WJI is taking a look at justice-related bills adopted in the 2019-2020 legislative session.
2019 Act 31 – Requires that a sentence for intoxicated use of a vehicle (OWI homicide) include a prison term of at least five years. The sentencing judge, however, may impose a lesser term if there is a compelling reason and the judge states the reason on the record.
The law was introduced as AB 17; its companion Senate bill was SB 8.
It was signed by Gov. Tony Evers on Nov. 20, 2019.
Department of Corrections –$525,000 annually, including costs for treatment and contract jail beds.
Courts – Fewer than 50 cases annually will be affected. Undetermined, minimal impact.
District Attorneys – Unknown, minimal.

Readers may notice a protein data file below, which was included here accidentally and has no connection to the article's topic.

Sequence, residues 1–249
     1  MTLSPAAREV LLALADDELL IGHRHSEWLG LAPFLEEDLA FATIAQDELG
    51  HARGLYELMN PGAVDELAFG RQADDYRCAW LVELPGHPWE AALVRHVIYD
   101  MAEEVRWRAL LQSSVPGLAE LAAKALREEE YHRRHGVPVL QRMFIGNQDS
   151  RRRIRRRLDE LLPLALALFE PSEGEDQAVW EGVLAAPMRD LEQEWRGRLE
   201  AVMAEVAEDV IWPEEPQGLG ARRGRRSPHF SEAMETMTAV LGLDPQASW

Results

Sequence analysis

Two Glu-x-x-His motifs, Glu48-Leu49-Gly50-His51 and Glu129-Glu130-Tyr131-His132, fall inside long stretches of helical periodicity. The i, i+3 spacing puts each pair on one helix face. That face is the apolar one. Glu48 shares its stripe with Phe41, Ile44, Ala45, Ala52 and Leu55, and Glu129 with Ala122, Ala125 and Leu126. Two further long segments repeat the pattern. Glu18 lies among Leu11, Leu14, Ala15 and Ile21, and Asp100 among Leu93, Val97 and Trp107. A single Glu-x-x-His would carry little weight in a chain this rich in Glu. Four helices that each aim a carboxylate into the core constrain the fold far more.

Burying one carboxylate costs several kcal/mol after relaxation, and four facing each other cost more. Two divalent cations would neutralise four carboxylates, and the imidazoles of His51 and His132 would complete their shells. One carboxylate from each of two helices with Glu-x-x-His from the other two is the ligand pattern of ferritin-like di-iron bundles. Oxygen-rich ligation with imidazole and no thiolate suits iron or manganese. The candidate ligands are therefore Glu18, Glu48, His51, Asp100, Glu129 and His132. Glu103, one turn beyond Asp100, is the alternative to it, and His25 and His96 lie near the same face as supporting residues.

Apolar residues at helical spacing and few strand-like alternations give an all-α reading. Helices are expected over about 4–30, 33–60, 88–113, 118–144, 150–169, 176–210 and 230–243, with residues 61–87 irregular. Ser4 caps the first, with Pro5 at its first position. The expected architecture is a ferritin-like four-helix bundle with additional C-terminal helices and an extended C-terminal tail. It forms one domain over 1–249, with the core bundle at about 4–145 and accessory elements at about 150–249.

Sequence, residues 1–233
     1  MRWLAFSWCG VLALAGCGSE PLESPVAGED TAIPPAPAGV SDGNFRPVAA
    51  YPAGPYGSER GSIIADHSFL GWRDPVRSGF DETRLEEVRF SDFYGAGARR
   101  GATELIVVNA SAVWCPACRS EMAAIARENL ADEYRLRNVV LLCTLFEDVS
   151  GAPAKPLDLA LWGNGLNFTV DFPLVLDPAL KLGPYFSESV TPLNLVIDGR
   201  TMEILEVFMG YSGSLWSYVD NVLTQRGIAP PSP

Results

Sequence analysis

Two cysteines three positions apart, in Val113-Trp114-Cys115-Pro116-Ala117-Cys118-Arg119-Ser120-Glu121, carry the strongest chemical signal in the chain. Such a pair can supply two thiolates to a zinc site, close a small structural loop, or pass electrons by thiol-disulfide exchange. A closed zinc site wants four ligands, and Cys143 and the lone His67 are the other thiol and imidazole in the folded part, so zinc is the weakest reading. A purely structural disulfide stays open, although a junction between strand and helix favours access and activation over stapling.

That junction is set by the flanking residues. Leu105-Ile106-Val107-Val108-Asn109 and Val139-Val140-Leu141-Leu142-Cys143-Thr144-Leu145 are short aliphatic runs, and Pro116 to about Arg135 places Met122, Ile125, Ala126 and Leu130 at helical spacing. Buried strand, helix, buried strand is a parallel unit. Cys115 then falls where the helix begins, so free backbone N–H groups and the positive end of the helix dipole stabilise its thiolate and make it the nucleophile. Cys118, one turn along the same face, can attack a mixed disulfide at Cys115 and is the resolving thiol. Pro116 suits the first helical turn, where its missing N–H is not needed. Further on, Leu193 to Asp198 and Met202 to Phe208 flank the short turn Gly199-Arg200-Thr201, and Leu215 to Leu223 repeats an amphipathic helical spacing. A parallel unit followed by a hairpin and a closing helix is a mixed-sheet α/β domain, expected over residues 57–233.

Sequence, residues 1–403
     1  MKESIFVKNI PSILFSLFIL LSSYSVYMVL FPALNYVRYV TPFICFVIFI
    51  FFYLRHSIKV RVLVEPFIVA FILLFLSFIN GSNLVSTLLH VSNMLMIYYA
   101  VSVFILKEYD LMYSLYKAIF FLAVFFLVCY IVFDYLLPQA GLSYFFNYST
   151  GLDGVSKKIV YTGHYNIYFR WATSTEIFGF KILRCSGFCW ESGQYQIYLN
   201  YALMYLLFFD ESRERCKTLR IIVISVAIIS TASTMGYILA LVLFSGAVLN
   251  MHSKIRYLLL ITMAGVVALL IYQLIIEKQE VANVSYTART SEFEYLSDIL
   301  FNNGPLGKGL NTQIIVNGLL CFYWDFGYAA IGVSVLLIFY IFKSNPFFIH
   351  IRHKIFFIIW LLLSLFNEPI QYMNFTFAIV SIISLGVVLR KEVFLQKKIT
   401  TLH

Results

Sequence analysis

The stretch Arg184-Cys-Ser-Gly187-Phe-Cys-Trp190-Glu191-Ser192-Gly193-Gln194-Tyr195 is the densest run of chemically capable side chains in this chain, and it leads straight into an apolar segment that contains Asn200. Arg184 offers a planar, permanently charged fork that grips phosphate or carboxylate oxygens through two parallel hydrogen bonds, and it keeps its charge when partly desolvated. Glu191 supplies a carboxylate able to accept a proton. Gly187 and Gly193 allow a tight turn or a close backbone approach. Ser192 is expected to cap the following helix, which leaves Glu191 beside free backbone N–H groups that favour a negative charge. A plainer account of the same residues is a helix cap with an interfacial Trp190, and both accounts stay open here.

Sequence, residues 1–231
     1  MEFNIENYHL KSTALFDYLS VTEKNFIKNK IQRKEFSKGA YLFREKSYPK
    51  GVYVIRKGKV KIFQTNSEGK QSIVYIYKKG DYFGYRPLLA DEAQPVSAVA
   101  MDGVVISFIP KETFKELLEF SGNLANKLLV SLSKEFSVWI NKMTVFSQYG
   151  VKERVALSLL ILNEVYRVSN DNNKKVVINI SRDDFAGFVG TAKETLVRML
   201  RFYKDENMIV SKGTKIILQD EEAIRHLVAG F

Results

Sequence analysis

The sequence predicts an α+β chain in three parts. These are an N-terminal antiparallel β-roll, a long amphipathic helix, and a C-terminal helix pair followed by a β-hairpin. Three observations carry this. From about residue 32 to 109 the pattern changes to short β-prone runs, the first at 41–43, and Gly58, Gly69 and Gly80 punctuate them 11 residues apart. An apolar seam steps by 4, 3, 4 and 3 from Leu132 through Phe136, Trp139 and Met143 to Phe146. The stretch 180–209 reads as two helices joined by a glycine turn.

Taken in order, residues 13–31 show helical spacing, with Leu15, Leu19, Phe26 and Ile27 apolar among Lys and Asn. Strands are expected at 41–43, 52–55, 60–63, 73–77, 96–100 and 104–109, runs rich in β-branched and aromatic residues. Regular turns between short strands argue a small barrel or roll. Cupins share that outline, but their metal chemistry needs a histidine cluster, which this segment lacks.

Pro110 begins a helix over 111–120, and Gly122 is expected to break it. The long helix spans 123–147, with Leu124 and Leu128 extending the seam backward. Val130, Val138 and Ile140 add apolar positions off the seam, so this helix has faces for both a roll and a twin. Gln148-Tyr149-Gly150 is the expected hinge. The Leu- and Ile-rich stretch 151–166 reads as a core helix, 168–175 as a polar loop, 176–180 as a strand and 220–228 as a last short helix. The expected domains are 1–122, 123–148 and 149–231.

Department of Justice – Unknown.
Department of Transportation – None.
State Public Defender – There may be a slight cost increase as extended threat of incarceration may cause an increase in the number of cases resolved by trial rather than plea.
Rep. Jim Ott – Assembly Bill 17 (SB 8) would impose a mandatory minimum of 5 years incarceration for committing homicide while driving drunk. While many judges sentence appropriately, there is no mandatory minimum. We sometimes hear of sentences of as little as a year or two being delivered, and at least one case of less than a year....The bill allows the judge to use discretion and sentence less than five years if the court finds that it is in best interest of the community, the public will not be harmed and the court puts its reasons in writing.
Mothers Against Drunk Driving and the Wisconsin Chiefs of Police Association Inc. registered in favor of the bill.
The Association of State Prosecutors registered against the bill.
The lead authors of AB 17 were Ott (R-Mequon) and Rep. Samantha Kerkman (R-Salem).
The lead co-sponsors are Senators Alberta Darling (R-River Hills) and David Craig (R-Big Bend).
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